Digesting foods can color your stool, be they veggies like kale or less healthy foods with dyes and coloring, but not digesting your food all the way can also have an effect on its color. If you have diarrhea, your food is not staying in your system as long as it normally should to facilitate proper digestion. When this occurs, bile from your gallbladder can still be seen in your poop, giving it a green color. Bile is normally secreted into the small intestine and is processed out as your body digests fat, meaning you normally don’t see it in your stool.
Most of the causes of green poop, especially if it only happens occasionally or when you have diarrhea, are fairly benign. Green diarrhea is something many people have experienced, especially when eating certain foods. If you see a change in your stool color that only lasts for a few bowel movements, it is not likely anything to worry about. If your feces change color for a longer period of time, though, it may be time to consult a doctor. It is possible that a change in stool color can signal a bacterial infection that may require medical treatment to resolve.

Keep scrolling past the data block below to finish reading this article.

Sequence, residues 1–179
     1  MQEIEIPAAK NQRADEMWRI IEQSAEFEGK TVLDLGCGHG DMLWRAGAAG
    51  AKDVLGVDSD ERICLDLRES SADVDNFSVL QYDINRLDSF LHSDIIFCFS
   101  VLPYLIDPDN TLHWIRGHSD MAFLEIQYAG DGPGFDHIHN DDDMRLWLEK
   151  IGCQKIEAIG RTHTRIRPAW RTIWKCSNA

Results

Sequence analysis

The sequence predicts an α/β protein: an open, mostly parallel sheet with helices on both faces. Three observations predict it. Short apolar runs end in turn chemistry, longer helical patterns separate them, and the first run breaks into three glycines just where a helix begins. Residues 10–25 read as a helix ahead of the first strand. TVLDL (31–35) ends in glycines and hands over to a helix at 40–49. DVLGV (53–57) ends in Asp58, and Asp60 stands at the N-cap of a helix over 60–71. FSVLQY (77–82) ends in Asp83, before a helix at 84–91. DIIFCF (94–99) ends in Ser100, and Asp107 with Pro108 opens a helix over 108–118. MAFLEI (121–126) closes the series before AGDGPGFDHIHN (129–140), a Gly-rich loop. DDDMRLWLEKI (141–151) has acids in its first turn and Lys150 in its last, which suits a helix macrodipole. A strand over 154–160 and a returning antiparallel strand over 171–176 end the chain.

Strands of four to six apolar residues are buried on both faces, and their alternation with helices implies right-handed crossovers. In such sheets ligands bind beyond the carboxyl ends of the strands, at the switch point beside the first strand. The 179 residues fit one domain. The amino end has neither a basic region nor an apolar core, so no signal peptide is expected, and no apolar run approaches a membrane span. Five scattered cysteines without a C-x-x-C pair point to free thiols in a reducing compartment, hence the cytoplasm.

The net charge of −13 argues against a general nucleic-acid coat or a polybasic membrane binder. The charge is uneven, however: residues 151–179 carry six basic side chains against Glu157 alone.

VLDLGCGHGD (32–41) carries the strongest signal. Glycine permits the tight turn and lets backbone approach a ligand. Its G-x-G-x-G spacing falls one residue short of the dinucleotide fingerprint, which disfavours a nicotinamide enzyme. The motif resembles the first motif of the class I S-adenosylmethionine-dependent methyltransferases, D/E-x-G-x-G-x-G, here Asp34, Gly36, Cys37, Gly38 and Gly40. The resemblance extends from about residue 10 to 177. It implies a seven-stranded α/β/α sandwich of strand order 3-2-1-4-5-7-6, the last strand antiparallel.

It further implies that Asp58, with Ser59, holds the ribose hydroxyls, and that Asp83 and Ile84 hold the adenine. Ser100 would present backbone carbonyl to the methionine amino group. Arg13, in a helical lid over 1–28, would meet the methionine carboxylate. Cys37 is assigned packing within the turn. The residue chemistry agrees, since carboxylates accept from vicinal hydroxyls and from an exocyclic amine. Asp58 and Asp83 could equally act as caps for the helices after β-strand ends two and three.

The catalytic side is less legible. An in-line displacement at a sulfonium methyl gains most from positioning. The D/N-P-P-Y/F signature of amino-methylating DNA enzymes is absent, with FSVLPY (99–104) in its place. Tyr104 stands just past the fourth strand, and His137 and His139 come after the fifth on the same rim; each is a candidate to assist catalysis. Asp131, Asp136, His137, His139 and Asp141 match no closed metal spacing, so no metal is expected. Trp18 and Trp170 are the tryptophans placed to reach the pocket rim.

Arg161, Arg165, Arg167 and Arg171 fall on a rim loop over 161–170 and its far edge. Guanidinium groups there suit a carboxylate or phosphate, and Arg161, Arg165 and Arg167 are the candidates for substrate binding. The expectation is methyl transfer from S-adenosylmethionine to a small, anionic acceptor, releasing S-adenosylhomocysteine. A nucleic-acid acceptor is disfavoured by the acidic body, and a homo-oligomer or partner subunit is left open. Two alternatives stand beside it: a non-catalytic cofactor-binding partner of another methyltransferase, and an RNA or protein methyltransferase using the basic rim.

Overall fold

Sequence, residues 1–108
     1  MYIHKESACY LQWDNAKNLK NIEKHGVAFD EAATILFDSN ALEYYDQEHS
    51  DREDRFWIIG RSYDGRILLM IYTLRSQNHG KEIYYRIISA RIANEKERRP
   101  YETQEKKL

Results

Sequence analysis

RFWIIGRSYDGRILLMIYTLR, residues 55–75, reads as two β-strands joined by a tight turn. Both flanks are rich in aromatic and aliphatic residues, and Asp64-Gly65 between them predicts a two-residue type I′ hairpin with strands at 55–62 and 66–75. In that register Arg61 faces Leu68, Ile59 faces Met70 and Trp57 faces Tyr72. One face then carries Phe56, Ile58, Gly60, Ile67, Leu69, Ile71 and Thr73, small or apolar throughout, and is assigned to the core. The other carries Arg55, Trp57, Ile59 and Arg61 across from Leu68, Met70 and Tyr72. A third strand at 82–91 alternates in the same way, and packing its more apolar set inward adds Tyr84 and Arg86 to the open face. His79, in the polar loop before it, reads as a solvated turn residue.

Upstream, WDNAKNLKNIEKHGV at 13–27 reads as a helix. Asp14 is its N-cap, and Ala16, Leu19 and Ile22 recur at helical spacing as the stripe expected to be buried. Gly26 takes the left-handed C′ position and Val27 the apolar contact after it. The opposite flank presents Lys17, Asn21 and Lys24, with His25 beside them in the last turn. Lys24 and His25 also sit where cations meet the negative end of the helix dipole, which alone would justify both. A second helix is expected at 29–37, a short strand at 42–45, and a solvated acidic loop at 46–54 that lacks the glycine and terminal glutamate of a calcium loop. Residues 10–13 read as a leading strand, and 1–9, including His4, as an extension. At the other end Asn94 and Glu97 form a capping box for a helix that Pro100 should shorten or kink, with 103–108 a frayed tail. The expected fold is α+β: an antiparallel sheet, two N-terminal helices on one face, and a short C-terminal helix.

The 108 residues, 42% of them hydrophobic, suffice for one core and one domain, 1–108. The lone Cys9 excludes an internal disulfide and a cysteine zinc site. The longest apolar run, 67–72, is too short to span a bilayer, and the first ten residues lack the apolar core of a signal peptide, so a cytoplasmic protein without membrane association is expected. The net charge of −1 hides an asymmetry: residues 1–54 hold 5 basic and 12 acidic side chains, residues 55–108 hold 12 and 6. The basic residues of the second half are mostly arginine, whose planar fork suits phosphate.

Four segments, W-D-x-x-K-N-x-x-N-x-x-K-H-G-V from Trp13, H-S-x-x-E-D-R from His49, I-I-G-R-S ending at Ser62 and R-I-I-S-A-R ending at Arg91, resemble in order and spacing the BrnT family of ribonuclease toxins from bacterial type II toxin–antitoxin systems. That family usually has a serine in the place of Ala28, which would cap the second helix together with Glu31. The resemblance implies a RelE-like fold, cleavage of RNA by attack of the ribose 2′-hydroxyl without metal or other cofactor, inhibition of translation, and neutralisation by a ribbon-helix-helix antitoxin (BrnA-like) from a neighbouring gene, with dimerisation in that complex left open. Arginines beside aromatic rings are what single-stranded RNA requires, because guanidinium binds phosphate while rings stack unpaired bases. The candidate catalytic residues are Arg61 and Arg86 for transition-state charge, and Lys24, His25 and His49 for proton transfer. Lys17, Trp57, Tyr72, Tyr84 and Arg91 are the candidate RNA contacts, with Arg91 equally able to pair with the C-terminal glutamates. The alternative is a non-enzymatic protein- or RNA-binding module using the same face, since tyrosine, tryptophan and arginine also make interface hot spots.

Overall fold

There can be many colors of poop associated with tumors or cancer, but green is generally not among them. The color of your poop can tell you some things about what is going on in your body, but normally it is only part of the story. A change in the color of your poop is not, by itself, a problem that always needs to be checked out immediately.
When a change in your poop color is accompanied by other symptoms, that is a different matter. If you are seeing large amounts of blood in your stool or are experiencing nausea, intense abdominal pain, unexplained fatigue, severe bloating and vomiting, you should seek medical treatment no matter what the color of your poop happens to be.
For something like a change in poop color, some people might find it embarrassing to talk to their doctor. Unless there is suddenly a massive amount of blood in your stool, waiting a few days to talk to your doctor is alright. If you are curious during this time, you can check out online resources such as the Mayo Clinic to learn more about what might be causing changes to the color of your poop.
No matter what your poop color is, any sudden change that is not tied to a change in diet should be monitored. If that change persists, you should talk to your doctor. Many common causes can be diagnosed by your healthcare professional, though in some cases you will be referred to a gastroenterologist for further diagnosis and treatment. At Carolina Digestive, we know a lot about poop, and we can help you understand what is going on with yours. A change in poop color may not be anything serious, but it could also be a sign of a dangerous condition that could be life-threatening if left untreated. Make an appointment today if you have experienced a change in the color of your poop and are concerned something serious might be going on. We can help you find answers and understand what your poop is telling you.